History Of American Women Final Essay

1220 Words Dec 11th, 2015 5 Pages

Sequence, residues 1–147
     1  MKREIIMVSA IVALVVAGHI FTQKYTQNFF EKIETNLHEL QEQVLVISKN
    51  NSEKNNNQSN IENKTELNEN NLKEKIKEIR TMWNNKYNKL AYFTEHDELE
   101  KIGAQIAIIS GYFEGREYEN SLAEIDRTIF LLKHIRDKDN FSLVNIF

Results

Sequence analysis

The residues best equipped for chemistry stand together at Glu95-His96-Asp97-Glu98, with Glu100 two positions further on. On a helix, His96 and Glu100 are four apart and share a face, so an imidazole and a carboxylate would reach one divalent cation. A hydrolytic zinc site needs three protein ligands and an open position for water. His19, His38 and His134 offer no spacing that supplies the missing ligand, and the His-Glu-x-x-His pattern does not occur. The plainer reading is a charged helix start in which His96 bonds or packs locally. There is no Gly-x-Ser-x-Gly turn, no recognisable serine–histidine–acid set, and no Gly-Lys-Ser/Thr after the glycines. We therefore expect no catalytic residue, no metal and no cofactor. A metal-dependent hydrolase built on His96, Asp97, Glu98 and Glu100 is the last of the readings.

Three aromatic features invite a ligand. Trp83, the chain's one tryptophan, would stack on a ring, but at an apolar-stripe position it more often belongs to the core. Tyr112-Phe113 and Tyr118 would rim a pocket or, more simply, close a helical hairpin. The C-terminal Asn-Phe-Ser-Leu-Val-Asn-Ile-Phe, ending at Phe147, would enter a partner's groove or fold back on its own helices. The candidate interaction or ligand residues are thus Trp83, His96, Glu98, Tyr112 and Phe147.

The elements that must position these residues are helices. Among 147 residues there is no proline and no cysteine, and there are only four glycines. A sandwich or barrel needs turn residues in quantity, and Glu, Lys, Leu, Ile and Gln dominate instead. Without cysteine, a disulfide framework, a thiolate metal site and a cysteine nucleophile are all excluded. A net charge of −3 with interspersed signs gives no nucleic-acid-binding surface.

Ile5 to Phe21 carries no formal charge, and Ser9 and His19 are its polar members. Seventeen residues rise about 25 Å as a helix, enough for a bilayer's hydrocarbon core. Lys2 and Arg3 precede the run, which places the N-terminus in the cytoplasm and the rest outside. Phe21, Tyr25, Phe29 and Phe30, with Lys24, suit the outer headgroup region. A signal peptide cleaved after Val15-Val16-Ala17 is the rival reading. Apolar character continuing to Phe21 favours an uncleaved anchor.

History of American Women Final The ERA, which is also known as the equal rights amendment was introduced in Congress for the first time in 1923, and stands for equal rights under the law and will not be revoked by any state in terms of one’s sex. In 1913, Alice Paul and her friend Lucy Burns who founded the Women’s National Party, an organization which promotes equal rights for women (McClain, Class Lecture 10-27-15). Paul proposed the equal rights amendment which embodied that woman, despite obtaining the right to vote, were not respectively secured protection from sexual injustice from the Constitution. Many of years have passed since the equal rights amendment was first introduced, and now women should be granted the passage of the amendment. By looking at the history of the ERA and the two opposing sides, I will show the beneficial aspects of passing the ERA. Generally back in the twentieth century, women were perceived as fragile and subordinate to men. The objective of the ERA was to prevent any individual from operating on this idea. Paul saw equality covered by the law, to be the necessary groundwork for equality for women. Particularly, The National Organization for Women, also known as NOW, was motivated to take firm actions to improve women’s seat in society. In other words, feminism is one of the greatest efforts for advancement in our time. The Equal Rights Amendment has been in a number of talks in Congress, since it was first introduced and now would be the…

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